Degrader-antibody conjugates (DACs) have emerged as an innovative approach for the targeted delivery of chemotherapeutics, offering the potential for more efficient and precise cancer treatment. Clinical trials for DACs have recently begun, signaling advancement in this therapeutic field. One notable development is ORM-6151, a CD33-antibody enabled proteolysis targeting chimera (PROTAC) degrader designed for acute myeloid leukemia (AML). It has shown potent activity against CD33-expressing cell lines and primary relapsed/refractory AML patient blasts, as well as robust efficacy in vivo.


Antibody-PROTAC Conjugates Demonstrate Precise Protein Degradation

A cell-targeted approach using an antibody-PROTAC conjugate demonstrated selective degradation of receptor-interacting serine/threonine-protein kinase 2 (RIPK2) in human epidermal growth factor receptor 2 positive (HER2+) cell lines, while HER2- cell lines were not affected. This selective degradation suggests the specificity and potential of such conjugates in targeted cancer therapy. Another study highlighted the discovery of a DAC that, by improving the pharmacokinetic properties of a chimeric protein degrader, resulted in antigen-specific tumor regressions in vivo.


ORM-5029: Promising Antibody Neodegrader Conjugate (AnDC) for HER2+ Cancer

The concept of combining the catalytic approach of protein degradation with the precision of tumor-targeting antibodies is further exemplified by ORM-5029. This therapy is aimed at HER2-expressing breast cancer cells and represents a first-in-class targeted protein degradation approach using an antibody neodegrader conjugate (AnDC). ORM-5029 is also being evaluated in a phase 1 study for its safety and efficacy in patients with HER2-expressing advanced solid tumors.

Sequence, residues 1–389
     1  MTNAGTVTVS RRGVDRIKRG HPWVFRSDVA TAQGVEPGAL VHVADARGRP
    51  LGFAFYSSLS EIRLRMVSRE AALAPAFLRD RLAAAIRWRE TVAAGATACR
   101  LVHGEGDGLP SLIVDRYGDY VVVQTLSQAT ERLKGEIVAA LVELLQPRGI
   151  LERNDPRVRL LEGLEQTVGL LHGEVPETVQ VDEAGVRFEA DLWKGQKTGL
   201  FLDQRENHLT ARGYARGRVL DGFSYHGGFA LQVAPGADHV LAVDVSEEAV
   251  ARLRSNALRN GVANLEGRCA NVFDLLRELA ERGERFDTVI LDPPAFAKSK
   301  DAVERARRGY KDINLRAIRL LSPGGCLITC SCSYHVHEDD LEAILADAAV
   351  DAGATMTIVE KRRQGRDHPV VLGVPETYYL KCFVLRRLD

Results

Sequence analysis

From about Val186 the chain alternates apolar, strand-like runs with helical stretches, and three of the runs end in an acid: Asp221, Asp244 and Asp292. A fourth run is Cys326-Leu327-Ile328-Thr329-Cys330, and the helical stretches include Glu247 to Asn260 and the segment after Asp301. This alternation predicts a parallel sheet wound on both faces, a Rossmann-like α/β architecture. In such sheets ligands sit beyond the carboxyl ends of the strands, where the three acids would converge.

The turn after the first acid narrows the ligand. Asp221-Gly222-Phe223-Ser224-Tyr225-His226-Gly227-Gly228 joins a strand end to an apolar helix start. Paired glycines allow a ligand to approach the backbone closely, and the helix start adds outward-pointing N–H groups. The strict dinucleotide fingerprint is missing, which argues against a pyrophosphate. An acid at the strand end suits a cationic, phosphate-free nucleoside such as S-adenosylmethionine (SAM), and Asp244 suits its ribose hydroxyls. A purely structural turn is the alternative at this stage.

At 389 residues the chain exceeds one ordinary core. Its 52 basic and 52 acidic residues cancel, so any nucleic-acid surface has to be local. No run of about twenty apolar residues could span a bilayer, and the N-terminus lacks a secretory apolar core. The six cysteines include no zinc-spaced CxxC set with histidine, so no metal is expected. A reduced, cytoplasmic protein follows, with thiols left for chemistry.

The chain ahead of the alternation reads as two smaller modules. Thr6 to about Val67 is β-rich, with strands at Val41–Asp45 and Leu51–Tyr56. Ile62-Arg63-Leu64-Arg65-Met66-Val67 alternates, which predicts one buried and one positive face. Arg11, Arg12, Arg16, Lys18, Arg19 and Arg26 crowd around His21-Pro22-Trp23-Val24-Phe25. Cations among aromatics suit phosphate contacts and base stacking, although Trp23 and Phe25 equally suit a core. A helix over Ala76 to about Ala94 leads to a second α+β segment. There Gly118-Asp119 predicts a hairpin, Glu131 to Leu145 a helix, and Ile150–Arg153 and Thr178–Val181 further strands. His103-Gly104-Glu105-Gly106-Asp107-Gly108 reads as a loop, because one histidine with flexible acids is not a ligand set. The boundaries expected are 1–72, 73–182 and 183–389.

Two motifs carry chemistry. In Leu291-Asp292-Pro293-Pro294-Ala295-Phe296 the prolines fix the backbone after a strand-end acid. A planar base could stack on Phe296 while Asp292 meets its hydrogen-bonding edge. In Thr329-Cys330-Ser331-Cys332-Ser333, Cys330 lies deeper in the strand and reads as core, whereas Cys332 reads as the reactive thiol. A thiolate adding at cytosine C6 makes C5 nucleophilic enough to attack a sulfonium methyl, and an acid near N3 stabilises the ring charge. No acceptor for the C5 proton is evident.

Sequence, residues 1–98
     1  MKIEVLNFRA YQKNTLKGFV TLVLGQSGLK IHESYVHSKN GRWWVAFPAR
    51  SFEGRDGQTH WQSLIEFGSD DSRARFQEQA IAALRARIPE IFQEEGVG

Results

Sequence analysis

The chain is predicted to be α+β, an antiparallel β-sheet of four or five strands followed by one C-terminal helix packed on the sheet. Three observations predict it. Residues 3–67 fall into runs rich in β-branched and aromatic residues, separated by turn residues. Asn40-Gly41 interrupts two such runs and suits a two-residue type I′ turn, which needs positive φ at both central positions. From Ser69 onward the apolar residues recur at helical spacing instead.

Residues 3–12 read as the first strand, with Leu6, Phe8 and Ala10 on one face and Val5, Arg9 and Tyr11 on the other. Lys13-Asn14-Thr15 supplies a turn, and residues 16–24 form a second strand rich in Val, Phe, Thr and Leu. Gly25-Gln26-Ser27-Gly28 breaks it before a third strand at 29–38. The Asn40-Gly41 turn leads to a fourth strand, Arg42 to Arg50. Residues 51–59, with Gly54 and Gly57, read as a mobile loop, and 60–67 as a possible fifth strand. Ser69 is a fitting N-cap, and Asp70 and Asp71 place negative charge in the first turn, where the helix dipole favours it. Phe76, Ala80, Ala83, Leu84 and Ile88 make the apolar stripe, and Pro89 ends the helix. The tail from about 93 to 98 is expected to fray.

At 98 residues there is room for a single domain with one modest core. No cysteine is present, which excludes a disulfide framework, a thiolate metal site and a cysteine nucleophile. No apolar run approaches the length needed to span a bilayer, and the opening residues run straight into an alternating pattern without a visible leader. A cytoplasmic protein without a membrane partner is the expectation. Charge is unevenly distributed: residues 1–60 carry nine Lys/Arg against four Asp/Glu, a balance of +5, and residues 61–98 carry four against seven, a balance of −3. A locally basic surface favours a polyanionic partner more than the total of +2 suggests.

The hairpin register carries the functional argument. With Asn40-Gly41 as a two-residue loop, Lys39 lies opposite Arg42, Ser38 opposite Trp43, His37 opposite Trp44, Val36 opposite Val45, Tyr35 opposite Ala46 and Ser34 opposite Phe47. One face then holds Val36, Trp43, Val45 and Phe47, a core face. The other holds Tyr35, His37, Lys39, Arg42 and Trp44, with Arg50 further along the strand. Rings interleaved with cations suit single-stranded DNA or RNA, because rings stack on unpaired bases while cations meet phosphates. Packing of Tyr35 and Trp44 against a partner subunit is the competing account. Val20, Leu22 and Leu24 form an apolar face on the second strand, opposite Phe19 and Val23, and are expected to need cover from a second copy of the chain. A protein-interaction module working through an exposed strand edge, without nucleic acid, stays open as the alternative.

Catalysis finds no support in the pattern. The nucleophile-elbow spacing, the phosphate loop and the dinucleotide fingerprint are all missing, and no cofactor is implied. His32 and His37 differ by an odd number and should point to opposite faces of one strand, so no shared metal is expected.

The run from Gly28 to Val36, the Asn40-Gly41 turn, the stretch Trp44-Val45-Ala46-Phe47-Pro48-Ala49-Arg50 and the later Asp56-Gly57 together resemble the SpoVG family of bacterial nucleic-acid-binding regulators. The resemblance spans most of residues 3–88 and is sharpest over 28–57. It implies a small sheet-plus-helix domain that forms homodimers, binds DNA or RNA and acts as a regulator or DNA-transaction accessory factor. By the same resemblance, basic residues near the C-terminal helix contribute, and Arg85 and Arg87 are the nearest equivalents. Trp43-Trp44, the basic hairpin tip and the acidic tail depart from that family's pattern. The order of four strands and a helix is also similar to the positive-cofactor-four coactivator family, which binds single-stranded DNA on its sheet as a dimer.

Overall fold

DACs Achieve Tissue-Specific Protein Degradation for Targeted Therapy

In terms of targeted tissue specificity, an antibody–PROTAC conjugate selectively induced degradation of bromodomain-containing protein 4 (BRD4) only in HER2 positive breast cancer cell lines, showing a proof-of-concept for tissue-specific degradation. The process of creating DACs involves combining a PROTAC payload with a monoclonal antibody through a chemical linker, and despite challenges in construction, some biologically-active DACs have been successfully prepared using diverse PROTAC payloads and E3 ligases.


Expanding ADC Strategies: bsADCs and BTK Degrader Approaches

Exploring novel approaches such as the SORT1×HER2 bispecific antibody-drug conjugate (bsADC), aimed at improving the efficacy of HER2-targeted treatment in tumors with low HER2 expression, further illustrates the versatility of ADC-based strategies. Moreover, CD79b ADCs that deliver a Bruton’s tyrosine kinase (BTK) degrader have shown promising results in vitro and in vivo, indicating a potential new approach for treating B-cell malignancies.


Hybrid T-PBA and PARC Innovations Show Promise in Cancer Treatment

An innovative hybrid molecular degrader-antibody conjugate called T-PBA has demonstrated a strong cytotoxic effect on Her2-positive cancer cells in vitro, adding to the arsenal of potential treatments in the ongoing battle against cancer. Additionally, a photoresponsive antibody-siRNA conjugate (PARC) has been developed for tumor-specific and photoinducible siRNA delivery, targeting intracellular PD-L1 mRNA for immunogene therapy of cancer. Other studies have focused on using an Endo180 ADC for treating sarcoma, showing specific cell death in Endo180-expressing sarcoma cell lines and impacting metastatic colonization.


Understanding ADC/PDC Pharmacokinetics: Improving Drug Distribution

Lastly, the pharmacokinetics of ADCs and PDCs are essential for understanding drug distribution in vivo. A study suggested a simple mathematical pharmacokinetic equation to provide rough estimations of drug distribution during animal testing, which could serve as a basis for further refinements.

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